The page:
Scary night in the woods inspires teen musical

The Gateway presented ‘Pier Glass Park’


A creepy wooded area. No one else around. And it’s 11 p.m.

A perfect scenario to inspire goosebumps.

But for Madison Beehner and Keira Ballan, who acted as fiendish excavators in The Gateway’s Halloween drive-through at Southaven Park last fall, it prompted musical inspiration.

Waiting for Gateway Acting School director and associate artistic director Michael Baker to bike down to their spot so they could follow him out at the end of the night, “We sang something like ‘Bicycle lights shining through the night, y-e-a-h,’” sang Beehner.

“We both joked we could see this on stage,” Ballan said.

That snippet of a melody developed into a two-hour musical, with a cast of 20 and 15 songs. “Pier Glass Park” was presented on the Gateway stage May 22 and 23 to family and friends with the teens taking excited bows, not only as creators, but as the two leads.

(No worries. You’ll get a chance to see them in July.)

There’s always an odyssey involved in a creation, and this story has one.

“We were both in school and I said, ‘I can’t get this out of my head,’” Ballan said of the woods tune. “Do you want to do something with it?”

Beehner, 17, of East Islip, was in her final year at Our Lady of Mercy Academy; Ballan, 16, of Bellport, was a junior at Bellport High School. They’d been friends for years, meet during their Gateway acting classes. Spare time? Not really, but they started writing the plot on Oct. 20.

The actual script began on Halloween. “We went through a long draft,” Ballan said. “We’d ask people to read it. But we had a solid plot.”

“We did have a lot of character changes,” admitted Beehner.

They were in touch daily. Boy, were they. Talk about commitment.

“We’d text each other at 3 a.m. sometimes with changes and ideas,” Ballan said.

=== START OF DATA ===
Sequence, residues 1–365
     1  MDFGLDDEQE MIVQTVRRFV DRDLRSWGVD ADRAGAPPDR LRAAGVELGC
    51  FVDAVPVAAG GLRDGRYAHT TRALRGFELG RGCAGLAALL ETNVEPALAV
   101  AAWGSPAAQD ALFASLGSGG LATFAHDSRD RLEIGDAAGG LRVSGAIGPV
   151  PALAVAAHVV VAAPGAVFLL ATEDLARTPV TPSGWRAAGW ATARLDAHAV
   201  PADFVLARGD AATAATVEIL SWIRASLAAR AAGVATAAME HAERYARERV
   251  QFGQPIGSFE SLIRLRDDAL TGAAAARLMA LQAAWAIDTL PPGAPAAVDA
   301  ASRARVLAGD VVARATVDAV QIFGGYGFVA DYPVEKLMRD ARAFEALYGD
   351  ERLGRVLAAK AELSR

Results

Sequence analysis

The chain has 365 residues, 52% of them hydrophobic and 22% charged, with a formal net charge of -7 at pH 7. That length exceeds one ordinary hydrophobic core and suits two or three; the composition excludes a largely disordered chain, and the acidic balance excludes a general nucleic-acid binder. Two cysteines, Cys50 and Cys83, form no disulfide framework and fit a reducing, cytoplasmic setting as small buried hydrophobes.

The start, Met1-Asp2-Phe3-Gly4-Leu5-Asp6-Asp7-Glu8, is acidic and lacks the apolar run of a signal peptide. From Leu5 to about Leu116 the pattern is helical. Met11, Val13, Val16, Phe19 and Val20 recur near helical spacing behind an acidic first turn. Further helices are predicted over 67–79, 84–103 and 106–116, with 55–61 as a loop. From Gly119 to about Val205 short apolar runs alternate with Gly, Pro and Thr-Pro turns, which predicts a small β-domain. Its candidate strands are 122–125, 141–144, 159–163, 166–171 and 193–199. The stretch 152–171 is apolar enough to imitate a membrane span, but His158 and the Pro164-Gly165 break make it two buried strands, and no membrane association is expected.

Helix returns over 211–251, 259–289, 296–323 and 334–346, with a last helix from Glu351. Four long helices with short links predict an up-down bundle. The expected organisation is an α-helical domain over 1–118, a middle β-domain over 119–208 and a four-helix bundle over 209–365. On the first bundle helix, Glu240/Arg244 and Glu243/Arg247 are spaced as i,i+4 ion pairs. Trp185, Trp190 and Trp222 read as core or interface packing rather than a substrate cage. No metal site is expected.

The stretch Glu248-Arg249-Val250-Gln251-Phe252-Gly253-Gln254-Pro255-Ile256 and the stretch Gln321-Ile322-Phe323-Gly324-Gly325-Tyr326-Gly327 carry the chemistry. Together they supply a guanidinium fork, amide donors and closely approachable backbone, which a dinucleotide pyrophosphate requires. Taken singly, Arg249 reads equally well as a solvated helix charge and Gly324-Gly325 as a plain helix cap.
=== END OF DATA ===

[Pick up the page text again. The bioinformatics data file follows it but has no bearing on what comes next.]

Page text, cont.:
By Thanksgiving, they had the musical in fairly good shape. But they wanted to show it to Baker.

“For our first meeting, we were counting the hours,” Ballan said. “What if he doesn’t like it?”

But he did. From there, they met regularly. “We worked on it as a class once a week and I directed it,” Baker said. “We had sound technicians and a minimal set.”

“He’d point out problems,” Beehner said.

Baker would advise them. “Maybe you could identify your options,” he told them. “Why does this song work? Can a character be more of this? But you two were always working on it,” he added admiringly. There were formal auditions and 20 Gateway Acting Class students were chosen.

The musical’s premise centers around a skating rink coach who decides to send his young skating students, embroiled in teen dramas and meanness, to a retreat at Pier Glass Park to learn why they should be nice to each other.

The plot includes a psychopath, demon children, campy characters, humor. No spoiler alert on the ending. You’ll have to come and see it.

When did they think it was ready?

“Five minutes before the second show,” said Ballan, who added a drum beat.

Baker said two pros from the LINK program The Gateway hosted this past January surprised the students and orchestrated their song, “If Only You Knew,” on their keyboard; the LINK pros loved the song.

No Gateway costumes were utilized because of COVID, so the characters wore what teens usually wear and the set was minimal.

Beehner and Ballan expressed the altruistic hope that hosting their musical at Gateway could help the acting school’s funds. Baker said directors and other theater professionals would be invited to the (to-be-announced) July date for “Pier Glass Park.”

What if a director wanted to mount their show?

They both looked at each other.

“I think we would drop dead on the spot,” said Ballan.


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